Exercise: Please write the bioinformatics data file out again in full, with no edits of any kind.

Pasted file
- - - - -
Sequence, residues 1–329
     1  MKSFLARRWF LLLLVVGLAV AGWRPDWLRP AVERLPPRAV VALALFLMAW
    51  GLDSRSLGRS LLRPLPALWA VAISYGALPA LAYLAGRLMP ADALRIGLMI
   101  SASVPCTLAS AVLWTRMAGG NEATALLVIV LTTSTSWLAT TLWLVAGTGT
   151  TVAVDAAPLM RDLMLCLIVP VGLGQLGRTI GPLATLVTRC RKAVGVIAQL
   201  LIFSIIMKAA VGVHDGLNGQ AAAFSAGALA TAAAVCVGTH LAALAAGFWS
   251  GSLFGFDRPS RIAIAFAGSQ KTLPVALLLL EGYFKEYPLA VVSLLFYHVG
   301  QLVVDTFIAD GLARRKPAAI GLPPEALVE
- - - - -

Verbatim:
Sequence, residues 1–329
     1  MKSFLARRWF LLLLVVGLAV AGWRPDWLRP AVERLPPRAV VALALFLMAW
    51  GLDSRSLGRS LLRPLPALWA VAISYGALPA LAYLAGRLMP ADALRIGLMI
   101  SASVPCTLAS AVLWTRMAGG NEATALLVIV LTTSTSWLAT TLWLVAGTGT
   151  TVAVDAAPLM RDLMLCLIVP VGLGQLGRTI GPLATLVTRC RKAVGVIAQL
   201  LIFSIIMKAA VGVHDGLNGQ AAAFSAGALA TAAAVCVGTH LAALAAGFWS
   251  GSLFGFDRPS RIAIAFAGSQ KTLPVALLLL EGYFKEYPLA VVSLLFYHVG
   301  QLVVDTFIAD GLARRKPAAI GLPPEALVE